Interviewing isn’t easy and it’s a tough process to nail down. I hate to say it, but for many of you, you will always cringe at the thought of having to interview potential teachers. The unknowns of how the interview will go and whether or not the candidate will live up to our expectations is scary.
Because your team trusts you as a leader to make the best hiring decisions for your company culture, the interview process becomes especially daunting. It’s so easy to become fearful that you will choose the wrong candidate and let your team down.
Although I can’t promise you that you will never hire the wrong person (at some point it happens to the best of us), I can provide you with some unexpected interview questions and techniques to put in place and make a part of your interview best practices. I share those with you in the video below and hope that you apply them to improve your interview process and find quality candidates that are in alignment with your school’s core values.
Here Are the Key Takeaways From This Video:
- During an interview, you have to be comfortable with silence and break down the layers of who this candidate is and understand them from the inside.
- These are the top seven unexpected questions that I have found to ask while interviewing potential teachers for your school…
- What events or influences from your childhood shaped who you are today?
- Tell me 2 or 3 things of which you are most proud of in your life.
- Tell me about a time when the odds were stacked against you but you overcame them and succeeded.
- Describe a situation when you were part of a team and faced a challenge. How did the team overcome the challenge? What was your role in the situation?
- What was your favorite book as a child?
- What is your favorite children’s book and why?
- If I asked your best friend to describe you in 3 words, what would he/she say?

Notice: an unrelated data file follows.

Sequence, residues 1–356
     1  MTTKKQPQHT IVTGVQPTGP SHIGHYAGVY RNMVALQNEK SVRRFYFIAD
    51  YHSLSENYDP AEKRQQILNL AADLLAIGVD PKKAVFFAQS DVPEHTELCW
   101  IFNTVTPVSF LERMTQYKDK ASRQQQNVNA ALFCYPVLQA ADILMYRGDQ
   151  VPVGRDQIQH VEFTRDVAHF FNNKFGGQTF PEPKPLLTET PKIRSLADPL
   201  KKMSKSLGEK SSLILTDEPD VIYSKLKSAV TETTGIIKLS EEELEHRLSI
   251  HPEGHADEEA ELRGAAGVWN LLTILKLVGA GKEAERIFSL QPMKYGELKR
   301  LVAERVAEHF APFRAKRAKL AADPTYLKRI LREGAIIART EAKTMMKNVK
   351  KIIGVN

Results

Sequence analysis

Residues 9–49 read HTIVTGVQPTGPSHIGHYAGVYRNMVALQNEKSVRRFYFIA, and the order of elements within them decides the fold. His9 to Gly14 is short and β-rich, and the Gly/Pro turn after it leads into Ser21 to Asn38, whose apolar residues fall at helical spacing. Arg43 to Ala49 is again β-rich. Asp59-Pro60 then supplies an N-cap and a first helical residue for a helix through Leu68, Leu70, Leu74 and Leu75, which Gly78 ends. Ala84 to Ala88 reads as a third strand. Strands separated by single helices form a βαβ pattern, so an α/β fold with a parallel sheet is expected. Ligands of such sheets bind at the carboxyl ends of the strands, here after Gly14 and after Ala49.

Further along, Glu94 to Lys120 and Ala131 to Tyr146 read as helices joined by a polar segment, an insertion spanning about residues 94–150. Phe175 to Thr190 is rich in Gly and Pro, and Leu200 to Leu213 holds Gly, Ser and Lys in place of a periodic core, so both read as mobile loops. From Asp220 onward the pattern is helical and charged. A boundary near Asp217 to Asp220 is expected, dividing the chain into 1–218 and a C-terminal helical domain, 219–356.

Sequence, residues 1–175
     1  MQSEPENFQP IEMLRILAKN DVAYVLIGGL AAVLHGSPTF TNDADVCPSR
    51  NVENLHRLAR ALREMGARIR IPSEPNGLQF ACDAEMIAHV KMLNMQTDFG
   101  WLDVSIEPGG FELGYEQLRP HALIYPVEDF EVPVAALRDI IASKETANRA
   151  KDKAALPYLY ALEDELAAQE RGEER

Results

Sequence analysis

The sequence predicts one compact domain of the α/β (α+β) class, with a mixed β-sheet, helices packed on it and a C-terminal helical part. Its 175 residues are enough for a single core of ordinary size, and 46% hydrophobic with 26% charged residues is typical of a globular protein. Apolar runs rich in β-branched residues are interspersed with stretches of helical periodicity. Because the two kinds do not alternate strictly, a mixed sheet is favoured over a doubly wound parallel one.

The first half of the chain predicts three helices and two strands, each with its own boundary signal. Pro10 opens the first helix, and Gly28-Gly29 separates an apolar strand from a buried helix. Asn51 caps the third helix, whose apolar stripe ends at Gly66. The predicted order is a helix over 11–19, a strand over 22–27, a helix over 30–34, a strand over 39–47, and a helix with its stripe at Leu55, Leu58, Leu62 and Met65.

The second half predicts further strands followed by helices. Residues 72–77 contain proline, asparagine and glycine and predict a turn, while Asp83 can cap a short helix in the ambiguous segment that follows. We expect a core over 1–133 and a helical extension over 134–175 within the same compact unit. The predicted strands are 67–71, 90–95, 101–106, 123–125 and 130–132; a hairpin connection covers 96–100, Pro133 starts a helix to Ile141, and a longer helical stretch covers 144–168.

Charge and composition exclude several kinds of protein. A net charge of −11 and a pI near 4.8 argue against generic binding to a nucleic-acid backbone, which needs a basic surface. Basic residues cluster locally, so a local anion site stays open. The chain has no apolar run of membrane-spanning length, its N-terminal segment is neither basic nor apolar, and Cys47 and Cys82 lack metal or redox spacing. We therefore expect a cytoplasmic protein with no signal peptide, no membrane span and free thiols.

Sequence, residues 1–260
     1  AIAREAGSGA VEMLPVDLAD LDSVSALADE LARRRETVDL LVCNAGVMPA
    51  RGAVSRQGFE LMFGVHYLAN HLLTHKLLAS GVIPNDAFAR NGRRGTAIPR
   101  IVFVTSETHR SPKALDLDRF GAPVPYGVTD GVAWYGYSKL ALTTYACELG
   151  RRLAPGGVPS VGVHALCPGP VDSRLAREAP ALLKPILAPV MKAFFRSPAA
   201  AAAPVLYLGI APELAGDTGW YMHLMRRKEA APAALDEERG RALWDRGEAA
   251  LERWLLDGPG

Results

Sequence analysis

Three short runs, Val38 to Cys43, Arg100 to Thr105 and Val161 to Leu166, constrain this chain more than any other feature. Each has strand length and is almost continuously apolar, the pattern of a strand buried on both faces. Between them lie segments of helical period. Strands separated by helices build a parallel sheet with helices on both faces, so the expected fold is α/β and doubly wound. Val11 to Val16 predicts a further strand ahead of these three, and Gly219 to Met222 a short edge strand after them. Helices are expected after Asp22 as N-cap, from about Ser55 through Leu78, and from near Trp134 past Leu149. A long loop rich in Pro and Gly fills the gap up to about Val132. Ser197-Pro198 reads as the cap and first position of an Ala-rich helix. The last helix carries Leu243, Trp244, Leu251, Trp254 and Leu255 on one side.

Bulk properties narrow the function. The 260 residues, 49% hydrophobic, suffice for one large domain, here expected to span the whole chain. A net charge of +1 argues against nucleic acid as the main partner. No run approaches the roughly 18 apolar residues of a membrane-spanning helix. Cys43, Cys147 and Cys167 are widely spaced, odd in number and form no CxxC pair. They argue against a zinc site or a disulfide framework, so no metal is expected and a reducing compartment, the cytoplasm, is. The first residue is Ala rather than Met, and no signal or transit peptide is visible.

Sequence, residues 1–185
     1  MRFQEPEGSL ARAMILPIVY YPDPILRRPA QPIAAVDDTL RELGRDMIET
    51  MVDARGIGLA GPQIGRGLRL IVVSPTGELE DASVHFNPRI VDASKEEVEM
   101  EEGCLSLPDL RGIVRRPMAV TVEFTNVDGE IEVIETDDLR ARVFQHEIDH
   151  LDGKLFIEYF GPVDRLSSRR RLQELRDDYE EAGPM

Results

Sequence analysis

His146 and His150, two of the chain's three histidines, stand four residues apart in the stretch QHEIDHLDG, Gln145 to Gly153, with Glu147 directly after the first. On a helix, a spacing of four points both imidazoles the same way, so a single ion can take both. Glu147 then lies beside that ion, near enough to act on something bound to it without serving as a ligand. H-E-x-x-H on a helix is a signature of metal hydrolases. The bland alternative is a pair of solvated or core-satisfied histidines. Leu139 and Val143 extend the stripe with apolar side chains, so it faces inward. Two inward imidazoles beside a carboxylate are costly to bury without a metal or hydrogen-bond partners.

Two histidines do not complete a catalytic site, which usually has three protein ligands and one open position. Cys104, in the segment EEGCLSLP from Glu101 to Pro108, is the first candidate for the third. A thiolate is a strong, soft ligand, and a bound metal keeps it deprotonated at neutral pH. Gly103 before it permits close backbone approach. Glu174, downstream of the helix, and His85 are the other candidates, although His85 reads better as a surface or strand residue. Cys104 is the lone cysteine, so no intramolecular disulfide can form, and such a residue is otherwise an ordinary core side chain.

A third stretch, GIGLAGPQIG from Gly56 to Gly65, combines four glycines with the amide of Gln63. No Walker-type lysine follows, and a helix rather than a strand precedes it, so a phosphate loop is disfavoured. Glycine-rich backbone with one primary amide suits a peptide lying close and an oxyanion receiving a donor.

- Here are a couple of examples of questions that will help you gauge their leadership mindset (create your own leadership mindset questions based off of your school’s core values and culture to ask as well).
- If you were to operate your own program, what do you consider key elements in a high-quality operation that you would be sure to include?
- What qualities do you find the most irritating in other people? How do you deal with them?
- Before you offer a candidate a job, schedule a two-hour “classroom audition” with them and observe how they interact with children while doing an activity with them. (Of course, check your state labor laws and make sure you are in compliance).
- Some questions to ask yourself while observing this are:
- Did they come prepared?
- Are they enjoying themselves?
- How do they speak to the children?
- Do they exhibit a respectable personality to manage a classroom?
- Using an interview scorecard is a hiring best practice. You and your admin team should take time together to create one that will be used for during every interview. This scorecard should cover everything from the second you receive their application, to when you call them to set up an interview, their actual interview, and the follow-up process.